Paired Texts > The First Time John Lewis and I Integrated the Buses
We've identified these texts as great options for text pairings based on similar themes, literary devices, topic, or writing style. Supplement your lesson with one or more of these options and challenge students to compare and contrast the texts. To assign a paired text, click on the text to go to its page and click the "Assign Text" button there.
This informational text discusses the different forms of peaceful protests that civil rights activists employed during their struggle for equality.Pair “The Sit-In Movement” with “The First Time John Lewis and I Integrated the Buses” to provide students with more information about the sit-in movement and other student-led nonviolent protests. Ask students to discuss the similar experiences of the nonviolent protesters in each text. How does “The Sit-In Movement” add to students’ understanding of the work of students and teenagers during the Civil Rights Movement? What insight does each text provide about the use of nonviolence?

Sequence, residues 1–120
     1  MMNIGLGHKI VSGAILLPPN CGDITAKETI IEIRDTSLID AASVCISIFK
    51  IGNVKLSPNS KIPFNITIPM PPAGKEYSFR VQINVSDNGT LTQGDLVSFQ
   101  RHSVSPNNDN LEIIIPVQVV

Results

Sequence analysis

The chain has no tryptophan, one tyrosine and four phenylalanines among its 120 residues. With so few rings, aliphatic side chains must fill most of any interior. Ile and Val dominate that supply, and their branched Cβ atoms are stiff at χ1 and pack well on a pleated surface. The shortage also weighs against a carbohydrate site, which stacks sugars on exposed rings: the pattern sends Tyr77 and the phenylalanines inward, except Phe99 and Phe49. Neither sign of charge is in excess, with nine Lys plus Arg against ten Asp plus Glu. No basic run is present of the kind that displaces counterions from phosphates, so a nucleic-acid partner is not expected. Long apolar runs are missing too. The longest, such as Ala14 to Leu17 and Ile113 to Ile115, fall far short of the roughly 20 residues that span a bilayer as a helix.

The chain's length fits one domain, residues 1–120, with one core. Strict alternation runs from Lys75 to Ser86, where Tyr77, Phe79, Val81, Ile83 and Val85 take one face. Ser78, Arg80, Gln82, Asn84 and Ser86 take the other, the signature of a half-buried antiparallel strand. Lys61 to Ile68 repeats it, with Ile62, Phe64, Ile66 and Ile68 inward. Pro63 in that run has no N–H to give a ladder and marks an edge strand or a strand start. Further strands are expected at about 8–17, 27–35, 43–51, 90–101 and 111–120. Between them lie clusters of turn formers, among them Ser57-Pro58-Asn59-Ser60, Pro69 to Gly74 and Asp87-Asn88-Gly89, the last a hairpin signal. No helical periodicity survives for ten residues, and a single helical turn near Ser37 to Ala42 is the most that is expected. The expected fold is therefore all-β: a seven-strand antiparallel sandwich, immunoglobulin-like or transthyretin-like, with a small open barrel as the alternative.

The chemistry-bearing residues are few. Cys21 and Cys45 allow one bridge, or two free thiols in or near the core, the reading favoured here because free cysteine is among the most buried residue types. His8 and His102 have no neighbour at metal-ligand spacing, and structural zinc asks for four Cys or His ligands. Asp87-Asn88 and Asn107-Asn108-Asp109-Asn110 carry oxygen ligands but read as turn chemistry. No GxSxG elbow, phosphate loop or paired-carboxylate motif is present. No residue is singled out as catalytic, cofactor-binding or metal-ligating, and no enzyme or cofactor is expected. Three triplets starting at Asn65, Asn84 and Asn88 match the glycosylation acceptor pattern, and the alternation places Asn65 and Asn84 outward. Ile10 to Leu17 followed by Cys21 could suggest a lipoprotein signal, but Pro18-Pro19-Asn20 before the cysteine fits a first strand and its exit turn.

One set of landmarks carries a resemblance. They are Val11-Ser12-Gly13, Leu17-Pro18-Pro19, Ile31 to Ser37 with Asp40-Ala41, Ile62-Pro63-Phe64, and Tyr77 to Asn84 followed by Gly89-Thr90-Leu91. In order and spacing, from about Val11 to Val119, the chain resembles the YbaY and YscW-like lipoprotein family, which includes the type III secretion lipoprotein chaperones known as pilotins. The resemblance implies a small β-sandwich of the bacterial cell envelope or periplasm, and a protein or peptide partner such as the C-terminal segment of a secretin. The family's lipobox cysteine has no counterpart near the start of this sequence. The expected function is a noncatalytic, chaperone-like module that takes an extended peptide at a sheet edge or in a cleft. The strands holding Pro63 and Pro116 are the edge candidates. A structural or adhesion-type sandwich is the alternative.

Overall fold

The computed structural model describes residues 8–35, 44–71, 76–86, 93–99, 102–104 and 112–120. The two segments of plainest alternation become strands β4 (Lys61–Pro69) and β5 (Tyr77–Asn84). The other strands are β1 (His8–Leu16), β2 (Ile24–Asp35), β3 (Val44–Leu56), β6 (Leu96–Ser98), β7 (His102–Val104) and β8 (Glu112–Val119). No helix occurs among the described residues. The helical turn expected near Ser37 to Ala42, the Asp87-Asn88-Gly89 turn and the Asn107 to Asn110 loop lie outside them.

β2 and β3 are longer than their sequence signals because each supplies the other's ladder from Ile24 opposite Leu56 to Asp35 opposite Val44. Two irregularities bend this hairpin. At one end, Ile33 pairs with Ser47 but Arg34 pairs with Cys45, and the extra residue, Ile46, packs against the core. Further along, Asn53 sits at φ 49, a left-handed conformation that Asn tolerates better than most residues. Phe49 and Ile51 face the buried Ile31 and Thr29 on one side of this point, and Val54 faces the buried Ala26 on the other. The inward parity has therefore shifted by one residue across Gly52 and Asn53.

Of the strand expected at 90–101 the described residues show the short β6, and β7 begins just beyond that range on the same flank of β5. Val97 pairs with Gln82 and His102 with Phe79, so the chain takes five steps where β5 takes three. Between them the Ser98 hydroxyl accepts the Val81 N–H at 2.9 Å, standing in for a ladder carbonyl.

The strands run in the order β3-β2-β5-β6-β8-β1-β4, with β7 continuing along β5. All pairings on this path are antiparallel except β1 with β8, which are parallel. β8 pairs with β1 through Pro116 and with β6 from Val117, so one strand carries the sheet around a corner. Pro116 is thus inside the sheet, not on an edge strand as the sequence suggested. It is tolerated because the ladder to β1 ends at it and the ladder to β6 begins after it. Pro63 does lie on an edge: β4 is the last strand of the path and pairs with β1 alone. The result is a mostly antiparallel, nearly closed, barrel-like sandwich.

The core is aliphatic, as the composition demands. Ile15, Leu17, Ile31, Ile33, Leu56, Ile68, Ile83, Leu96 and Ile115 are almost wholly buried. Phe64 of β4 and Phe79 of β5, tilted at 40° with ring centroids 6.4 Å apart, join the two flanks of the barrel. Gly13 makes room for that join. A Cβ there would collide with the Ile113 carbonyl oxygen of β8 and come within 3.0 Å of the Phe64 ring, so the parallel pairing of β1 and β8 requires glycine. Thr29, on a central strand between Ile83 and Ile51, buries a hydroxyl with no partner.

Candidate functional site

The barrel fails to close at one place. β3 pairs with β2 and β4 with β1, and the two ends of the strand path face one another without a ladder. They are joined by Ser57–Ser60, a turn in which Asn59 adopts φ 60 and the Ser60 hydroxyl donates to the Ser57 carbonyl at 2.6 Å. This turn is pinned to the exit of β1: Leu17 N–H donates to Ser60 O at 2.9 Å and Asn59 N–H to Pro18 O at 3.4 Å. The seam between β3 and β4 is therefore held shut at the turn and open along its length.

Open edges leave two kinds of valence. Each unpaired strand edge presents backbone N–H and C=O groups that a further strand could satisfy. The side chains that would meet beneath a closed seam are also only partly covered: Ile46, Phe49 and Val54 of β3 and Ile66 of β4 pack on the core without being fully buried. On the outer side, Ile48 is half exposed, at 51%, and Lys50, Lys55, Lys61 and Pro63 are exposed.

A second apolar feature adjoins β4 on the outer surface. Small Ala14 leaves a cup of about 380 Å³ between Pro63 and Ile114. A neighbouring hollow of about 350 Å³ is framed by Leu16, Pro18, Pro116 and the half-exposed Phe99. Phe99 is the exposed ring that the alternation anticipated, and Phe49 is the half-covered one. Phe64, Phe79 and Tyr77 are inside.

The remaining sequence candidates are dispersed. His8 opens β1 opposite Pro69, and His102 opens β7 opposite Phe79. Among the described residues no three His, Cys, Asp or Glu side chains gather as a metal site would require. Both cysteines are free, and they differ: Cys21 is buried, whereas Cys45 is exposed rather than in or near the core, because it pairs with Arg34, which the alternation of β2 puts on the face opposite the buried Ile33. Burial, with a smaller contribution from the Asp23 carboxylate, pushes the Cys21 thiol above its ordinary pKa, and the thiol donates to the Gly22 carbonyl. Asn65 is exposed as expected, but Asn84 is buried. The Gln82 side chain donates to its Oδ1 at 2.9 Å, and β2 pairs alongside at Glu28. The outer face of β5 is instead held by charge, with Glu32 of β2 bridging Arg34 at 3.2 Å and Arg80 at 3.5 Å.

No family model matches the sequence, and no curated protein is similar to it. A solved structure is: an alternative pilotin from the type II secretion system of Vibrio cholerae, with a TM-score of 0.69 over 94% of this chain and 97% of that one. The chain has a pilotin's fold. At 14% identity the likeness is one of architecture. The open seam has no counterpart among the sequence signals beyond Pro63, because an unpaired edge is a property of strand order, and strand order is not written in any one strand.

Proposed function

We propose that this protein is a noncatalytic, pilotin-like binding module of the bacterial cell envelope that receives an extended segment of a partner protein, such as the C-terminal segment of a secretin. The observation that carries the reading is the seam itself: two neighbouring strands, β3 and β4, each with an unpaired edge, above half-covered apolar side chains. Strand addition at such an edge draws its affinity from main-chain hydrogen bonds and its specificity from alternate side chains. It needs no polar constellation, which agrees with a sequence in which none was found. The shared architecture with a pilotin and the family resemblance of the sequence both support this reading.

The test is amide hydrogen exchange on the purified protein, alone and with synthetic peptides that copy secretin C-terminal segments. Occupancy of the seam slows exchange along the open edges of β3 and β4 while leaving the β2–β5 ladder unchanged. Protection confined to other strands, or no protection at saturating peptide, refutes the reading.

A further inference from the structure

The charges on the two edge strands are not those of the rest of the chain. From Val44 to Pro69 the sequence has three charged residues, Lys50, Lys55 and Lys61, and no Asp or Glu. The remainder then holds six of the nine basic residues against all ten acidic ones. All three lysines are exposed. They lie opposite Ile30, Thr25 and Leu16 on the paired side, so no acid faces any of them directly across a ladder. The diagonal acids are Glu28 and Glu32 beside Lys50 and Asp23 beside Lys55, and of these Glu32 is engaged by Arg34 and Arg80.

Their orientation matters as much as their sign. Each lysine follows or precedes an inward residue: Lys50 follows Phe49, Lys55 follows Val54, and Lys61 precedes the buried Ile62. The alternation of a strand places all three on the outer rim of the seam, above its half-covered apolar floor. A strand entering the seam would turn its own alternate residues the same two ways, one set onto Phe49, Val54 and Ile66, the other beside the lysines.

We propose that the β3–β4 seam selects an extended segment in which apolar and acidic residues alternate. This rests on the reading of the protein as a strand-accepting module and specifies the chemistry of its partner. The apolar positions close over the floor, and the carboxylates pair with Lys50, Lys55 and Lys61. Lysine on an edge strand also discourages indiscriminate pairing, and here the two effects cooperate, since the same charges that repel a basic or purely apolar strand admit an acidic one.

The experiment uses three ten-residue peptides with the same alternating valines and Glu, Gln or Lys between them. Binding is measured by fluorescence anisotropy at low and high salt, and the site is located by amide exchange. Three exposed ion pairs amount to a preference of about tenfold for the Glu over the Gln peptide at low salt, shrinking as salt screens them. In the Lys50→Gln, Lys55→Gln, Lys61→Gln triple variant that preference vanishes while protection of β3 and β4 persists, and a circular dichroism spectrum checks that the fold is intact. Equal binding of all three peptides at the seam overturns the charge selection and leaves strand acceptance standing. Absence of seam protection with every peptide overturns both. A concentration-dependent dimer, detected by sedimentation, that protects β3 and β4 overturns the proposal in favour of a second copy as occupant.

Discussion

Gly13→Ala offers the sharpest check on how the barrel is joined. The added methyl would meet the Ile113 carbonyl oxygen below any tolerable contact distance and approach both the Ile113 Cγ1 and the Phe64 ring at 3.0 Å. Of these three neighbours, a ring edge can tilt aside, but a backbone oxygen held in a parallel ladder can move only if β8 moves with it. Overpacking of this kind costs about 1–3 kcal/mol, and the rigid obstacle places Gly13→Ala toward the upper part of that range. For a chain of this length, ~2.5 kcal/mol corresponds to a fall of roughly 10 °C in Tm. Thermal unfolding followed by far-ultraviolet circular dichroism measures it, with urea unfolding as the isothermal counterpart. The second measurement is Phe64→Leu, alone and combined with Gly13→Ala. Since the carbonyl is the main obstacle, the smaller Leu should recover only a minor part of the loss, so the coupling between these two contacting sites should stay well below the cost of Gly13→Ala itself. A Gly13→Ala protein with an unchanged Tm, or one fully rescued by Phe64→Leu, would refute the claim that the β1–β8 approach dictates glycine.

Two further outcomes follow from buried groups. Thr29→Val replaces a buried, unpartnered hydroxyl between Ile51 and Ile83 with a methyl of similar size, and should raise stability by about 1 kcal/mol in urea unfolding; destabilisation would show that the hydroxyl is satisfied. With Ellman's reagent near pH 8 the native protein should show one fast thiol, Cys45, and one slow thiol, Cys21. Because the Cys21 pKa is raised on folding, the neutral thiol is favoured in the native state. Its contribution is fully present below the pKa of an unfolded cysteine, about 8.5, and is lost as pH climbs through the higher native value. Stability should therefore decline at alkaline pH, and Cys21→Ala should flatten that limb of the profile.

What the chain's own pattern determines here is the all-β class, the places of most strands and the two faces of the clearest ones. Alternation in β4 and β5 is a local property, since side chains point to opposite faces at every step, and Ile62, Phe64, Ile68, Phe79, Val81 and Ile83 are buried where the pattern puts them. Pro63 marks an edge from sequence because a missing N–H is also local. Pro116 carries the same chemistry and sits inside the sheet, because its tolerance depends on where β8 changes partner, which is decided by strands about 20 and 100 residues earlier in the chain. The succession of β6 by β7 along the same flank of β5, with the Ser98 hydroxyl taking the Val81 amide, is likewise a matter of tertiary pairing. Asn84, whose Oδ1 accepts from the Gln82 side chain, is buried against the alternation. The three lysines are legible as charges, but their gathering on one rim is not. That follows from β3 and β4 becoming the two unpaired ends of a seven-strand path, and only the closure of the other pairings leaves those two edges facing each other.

In Charlotte Perkins Gilman's poem "An Obstacle," she urges us to remain strong when facing everyday obstacles. Gilman was writing as a feminist during a time when it was not socially acceptable to identify as such.Pair “An Obstacle” with “The First Time John Lewis and I Integrated the Buses” to provide students with a poet’s interpretation of struggling against prejudice. Ask students to discuss the speaker’s response to Prejudice. Is this how the Freedom Riders responded? Who do students think were more successful? What do students think the speaker means by walking through Prejudice? Could it be nonviolent protest or something else? How do students think John Lewis would react to the speaker in the poem?